The United Nations Security Council (UNSC) is scheduled to hold a meeting on Tuesday that will focus on the current situation in Afghanistan.

UNSC members are expected to discuss economic, humanitarian and security concerns.

Islamic Emirate of Afghanistan (IEA) spokesman Bilal Karimi said the IEA welcomed meetings that are held with the aim of cooperating with the government and people of Afghanistan.

He also said that Afghans expect cooperation and that such meetings must be held in accordance with international laws and principles.

However, the IEA still does not have a designated UN representative – one year after taking control of the country.

Instead, Naseer Ahmad Faiq, who assumed leadership of the Afghan mission to the UN in December last year, will address the security council members.

The IEA does not however recognize him as the legitimate envoy to the UN.

In a series of tweets on Monday, Faiq said that he would address the security council meeting and speak on behalf of Afghans.

“On behalf of Afghans, in this important meeting, like always, I would like to raise the voice of my nation,” he said.

In September last year, the IEA asked the UN to accredit Suhail Shaheen, the head of the IEA’s political office in Qatar, as the new ambassador.

But in December, the UN General Assembly passed a resolution in which it indefinitely delayed a decision over the rival claims to the representative seat for Afghanistan.

At the time, the IEA criticized the UN’s failure to decide on this issue, saying it was ignoring the rights of the Afghan people.

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Influential Muslim cleric al-Qaradawi dies at 96

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(Last Updated On: September 26, 2022)

Senior Muslim cleric Sheikh Youssef al-Qaradawi, who was based in Qatar, died on Monday, according to a post on his official Twitter account.

The cleric was an Egyptian Islamic scholar and was chairman of the International Union of Muslim Scholars.

He was best known for his programme al-Sharīʿa wa al-Ḥayāh (“Sharia and Life”), broadcast on Al Jazeera, which has an estimated audience of 40–60 million worldwide.

He is also known for IslamOnline, a website he helped to found in 1997 and for which he served as chief religious scholar.

Al-Qaradawi published more than 120 books, and received eight international prizes for his contributions to Islamic scholarship, and is considered one of the most influential Islamic scholars today.

Al-Qaradawi has long had a prominent role within the intellectual leadership of the Muslim Brotherhood, an Egyptian political organization, although he repeatedly stated that he was no longer a member. He has over the years been critical of Egypt’s President Abdel Fatah al-Sisi.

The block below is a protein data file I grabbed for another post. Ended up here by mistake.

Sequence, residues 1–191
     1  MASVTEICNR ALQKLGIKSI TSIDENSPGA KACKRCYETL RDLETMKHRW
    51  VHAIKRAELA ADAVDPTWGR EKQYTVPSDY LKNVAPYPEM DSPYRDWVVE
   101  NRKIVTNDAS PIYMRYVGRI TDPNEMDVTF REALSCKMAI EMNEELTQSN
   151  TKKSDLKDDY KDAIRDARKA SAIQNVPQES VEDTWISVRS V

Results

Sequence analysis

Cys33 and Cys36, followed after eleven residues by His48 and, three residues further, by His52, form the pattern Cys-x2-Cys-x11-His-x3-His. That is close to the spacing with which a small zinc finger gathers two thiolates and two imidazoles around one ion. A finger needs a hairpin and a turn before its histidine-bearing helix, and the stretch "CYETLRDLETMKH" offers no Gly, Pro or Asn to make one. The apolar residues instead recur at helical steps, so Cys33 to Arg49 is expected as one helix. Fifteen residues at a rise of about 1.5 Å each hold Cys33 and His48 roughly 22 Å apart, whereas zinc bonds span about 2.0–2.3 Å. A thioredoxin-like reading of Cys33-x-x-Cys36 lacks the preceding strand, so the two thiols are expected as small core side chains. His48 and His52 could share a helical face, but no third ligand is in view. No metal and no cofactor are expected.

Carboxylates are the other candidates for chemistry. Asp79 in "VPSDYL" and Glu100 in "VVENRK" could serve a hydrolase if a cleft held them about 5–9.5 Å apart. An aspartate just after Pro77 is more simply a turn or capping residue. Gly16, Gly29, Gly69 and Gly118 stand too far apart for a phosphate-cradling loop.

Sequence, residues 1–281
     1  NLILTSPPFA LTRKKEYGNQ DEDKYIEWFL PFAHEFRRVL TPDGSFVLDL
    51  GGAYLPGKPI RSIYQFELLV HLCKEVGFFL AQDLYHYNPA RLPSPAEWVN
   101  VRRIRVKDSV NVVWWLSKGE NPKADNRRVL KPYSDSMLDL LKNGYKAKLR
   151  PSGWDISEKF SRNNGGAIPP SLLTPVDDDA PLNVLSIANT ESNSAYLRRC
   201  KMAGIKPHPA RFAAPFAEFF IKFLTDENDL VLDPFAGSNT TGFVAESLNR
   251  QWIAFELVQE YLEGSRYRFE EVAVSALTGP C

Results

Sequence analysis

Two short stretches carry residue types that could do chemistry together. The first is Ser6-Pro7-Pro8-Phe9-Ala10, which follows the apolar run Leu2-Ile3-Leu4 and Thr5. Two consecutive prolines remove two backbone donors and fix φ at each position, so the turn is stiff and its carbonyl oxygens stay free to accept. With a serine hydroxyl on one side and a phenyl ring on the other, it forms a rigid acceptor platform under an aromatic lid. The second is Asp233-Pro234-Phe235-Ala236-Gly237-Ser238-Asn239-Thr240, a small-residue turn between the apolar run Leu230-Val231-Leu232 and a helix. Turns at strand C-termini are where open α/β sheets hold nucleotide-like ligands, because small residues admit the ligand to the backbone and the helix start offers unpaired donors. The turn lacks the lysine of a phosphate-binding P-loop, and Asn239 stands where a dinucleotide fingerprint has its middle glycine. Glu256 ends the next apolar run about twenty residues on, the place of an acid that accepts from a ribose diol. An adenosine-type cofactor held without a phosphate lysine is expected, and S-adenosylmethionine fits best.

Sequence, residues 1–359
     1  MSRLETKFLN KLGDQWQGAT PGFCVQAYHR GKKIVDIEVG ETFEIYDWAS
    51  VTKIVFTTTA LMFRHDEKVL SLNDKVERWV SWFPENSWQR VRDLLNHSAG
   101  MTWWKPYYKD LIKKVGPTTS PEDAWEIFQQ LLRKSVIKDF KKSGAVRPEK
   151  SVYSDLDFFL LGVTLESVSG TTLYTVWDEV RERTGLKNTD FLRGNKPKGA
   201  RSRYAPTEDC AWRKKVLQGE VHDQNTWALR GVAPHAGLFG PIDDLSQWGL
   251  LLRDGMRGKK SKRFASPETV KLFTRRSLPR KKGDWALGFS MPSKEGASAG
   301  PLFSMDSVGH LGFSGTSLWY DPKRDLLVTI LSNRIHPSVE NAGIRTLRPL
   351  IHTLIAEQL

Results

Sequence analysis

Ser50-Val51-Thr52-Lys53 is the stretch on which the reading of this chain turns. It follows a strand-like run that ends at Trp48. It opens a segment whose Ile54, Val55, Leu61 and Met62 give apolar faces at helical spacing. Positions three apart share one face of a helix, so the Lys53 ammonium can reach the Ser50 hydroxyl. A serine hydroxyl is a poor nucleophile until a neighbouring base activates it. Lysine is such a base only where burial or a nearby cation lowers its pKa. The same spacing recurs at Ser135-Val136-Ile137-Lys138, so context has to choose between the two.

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Rare 5,000-carat Afghan ruby unveiled in Dubai

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(Last Updated On: September 26, 2022)

A rare 5,000-carat gemstone that went on private display in Dubai has been heralded as a “blessing from heaven” for the residents of the impoverished village in which it was unearthed.

The ruby, which weighs about 1 kilogram, has been hailed as “one of a kind” due to its rich purple coloring and size, the National News reported.

The ruby was discovered in the village of Hyderabad, bordering Iran and Afghanistan and its owner said he hoped the unexpected find would help bring a change of fortune for villagers without access to schools, hospitals or even electricity for some.

The uncut stone could cost at least $10 million in the market, asset manager Patrick Pilati told The National.

“It was an accidental finding from the village called Hyderabad bordering Iran and Afghanistan. There is no mining activity in the village that is under the jurisdiction of Afghanistan,” he said.

The rough stone is deep purple in color and bigger than the palm of a hand.

A certificate of authenticity …by the International Testing Laboratory Gems and Jewellery, in Jaipur, Rajasthan in India, and shown to The National, stated the rough ruby weighs 5,010 carats.

Azad Rokhsati, a gemologist, who was also present at the event, confirmed the size and weight.

“I have never seen anything like this,” he said.